We maintain our Neutral stance on the second largest natural gas producer in the U.S. Chesapeake Energy Corporation (CHK).
The company’s impressive second-quarter production results as well as its determination to generate higher volumes this year and the next help counter the lower-than-expected second-quarter profit.
Second-quarter production at Chesapeake increased 25% year over year with natural gas comprising 79% of the total volume. The company also boosted its 2013 production guidance while lowering the capex expectation, implying better efficiency. While drilling capex is estimated to be down year over year in 2013, Chesapeake boosted its 2013 production guidance by 7%, expecting strong performance in liquid plays.
The company also increased this year’s production guidance by 8% with most of the increase attributed to better operational results. It is also targeting retirement of the $4 billion term loan the company received in May by year end.
Again, given the downtrend in natural gas prices, it plans to deploy the majority of its capital budget to drill liquids-rich plays this year. The spending will be primarily targeted toward Eagle Ford Shale, Utica Shale, Mississippi Lime, Granite Wash, Cleveland, Tonkawa, Niobrara, Bone Spring, Avalon, Wolfcamp and Wolfberry. Although Chesapeake lowered its 2013 spending level by $750 million, it increased 2012 exploration and production capex by $500 million.
Importantly, Chesapeake is on track with its plan of reducing its long-term debt through monetizing its assets. The debt burden emanated mainly from the persistently low natural gas prices. During the first half of 2012, the company received $4.7 billion from asset sales and expects its third quarter to end with $7 billion worth of asset divestitures. It also raised this year’s proceeds expectations from $11.5–$14.0 billion to $13.0–$14.0 billion and anticipates an additional $4 billion to $5 billion from asset sales in 2013.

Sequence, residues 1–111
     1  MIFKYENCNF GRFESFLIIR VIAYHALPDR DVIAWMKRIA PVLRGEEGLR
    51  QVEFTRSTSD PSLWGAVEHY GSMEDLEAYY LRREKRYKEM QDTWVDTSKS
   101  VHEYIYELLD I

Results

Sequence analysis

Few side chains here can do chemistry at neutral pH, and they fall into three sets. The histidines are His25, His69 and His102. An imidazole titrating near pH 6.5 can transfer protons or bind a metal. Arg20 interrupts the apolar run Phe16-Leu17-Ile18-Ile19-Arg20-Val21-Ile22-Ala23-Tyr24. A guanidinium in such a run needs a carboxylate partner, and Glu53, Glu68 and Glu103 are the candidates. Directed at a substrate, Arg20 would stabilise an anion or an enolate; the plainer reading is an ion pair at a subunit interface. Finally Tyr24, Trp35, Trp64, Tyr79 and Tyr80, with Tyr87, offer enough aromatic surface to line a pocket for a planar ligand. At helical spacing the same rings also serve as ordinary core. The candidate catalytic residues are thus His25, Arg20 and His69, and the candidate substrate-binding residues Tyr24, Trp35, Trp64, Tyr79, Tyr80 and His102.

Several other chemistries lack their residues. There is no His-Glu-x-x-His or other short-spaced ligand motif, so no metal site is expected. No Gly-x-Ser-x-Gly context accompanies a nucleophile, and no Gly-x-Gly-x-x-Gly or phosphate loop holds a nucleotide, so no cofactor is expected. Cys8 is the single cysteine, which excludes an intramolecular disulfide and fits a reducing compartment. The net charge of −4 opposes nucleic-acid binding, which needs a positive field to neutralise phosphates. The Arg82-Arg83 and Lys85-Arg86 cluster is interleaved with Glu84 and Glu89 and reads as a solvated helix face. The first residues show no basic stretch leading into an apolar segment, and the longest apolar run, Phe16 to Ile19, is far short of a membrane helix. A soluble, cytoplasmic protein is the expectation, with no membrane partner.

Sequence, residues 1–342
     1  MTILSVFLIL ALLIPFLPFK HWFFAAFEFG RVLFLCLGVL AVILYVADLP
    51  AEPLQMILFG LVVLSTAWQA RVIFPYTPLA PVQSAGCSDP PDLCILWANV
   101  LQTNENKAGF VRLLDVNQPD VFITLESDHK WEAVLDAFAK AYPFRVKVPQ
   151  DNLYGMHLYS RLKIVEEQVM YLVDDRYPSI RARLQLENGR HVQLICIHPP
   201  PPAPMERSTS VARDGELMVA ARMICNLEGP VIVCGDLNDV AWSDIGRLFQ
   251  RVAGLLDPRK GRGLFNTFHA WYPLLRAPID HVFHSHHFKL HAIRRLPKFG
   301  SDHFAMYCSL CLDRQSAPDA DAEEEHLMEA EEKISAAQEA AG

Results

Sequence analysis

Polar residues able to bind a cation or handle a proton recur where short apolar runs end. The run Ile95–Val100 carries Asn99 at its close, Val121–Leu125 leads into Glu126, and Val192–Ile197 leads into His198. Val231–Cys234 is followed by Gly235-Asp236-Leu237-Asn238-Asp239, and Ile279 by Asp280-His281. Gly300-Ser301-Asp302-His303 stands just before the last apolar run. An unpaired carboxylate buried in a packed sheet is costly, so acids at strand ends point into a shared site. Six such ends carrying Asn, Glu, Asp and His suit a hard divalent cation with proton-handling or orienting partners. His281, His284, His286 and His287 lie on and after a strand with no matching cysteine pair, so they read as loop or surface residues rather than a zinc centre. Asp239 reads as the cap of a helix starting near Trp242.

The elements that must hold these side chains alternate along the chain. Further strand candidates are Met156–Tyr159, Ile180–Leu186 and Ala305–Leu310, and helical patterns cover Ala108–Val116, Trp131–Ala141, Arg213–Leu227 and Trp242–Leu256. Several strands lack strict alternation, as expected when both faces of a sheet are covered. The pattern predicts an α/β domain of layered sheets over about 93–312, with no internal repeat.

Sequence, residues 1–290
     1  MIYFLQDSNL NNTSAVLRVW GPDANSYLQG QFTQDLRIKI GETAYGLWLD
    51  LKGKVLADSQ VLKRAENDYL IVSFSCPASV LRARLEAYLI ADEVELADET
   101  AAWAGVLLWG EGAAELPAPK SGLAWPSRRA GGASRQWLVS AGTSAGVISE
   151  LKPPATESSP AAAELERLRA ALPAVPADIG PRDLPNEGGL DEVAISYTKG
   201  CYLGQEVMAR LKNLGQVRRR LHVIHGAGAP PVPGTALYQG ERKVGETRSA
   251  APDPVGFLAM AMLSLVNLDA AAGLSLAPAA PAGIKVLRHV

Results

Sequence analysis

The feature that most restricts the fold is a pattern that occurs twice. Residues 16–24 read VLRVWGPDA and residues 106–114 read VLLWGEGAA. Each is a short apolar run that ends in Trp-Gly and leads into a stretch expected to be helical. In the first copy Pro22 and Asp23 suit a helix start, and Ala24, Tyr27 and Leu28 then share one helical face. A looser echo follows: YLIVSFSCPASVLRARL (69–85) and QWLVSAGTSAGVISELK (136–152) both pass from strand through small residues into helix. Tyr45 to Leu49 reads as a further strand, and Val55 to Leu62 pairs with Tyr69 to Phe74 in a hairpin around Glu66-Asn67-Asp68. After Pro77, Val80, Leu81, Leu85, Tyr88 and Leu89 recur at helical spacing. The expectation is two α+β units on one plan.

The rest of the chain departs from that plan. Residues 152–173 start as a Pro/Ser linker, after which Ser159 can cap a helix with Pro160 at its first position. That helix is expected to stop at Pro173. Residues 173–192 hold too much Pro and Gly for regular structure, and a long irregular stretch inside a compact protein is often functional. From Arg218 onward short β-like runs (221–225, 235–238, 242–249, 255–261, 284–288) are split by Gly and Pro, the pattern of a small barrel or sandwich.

The efforts notwithstanding, we remain concerned of the company’s second-quarter earnings miss that came in the wake of a 64% decline in average natural gas price realizations.
Natural gas accounted for about 79% of Chesapeake’s second quarter production. Hence, the company’s outcomes are particularly vulnerable to fluctuations in the natural gas market. The company has been in the news in recent times as it is struggling to fund its capital budget amid diminishing cash flows in a weak natural gas price scenario.
Despite the success of Chesapeake’s asset monetization efforts, the company’s balance sheet is still more leveraged than its peers. At the end of the second quarter, outstanding debt stood at $14.3 billion, representing a debt-to-capitalization ratio of 42.0%.
Considering the pros and cons, we see the Chesapeake stock performing in line with its peers like Southwestern Energy Company (SWN). The stock retains a Zacks #3 Rank (short-term Hold rating).
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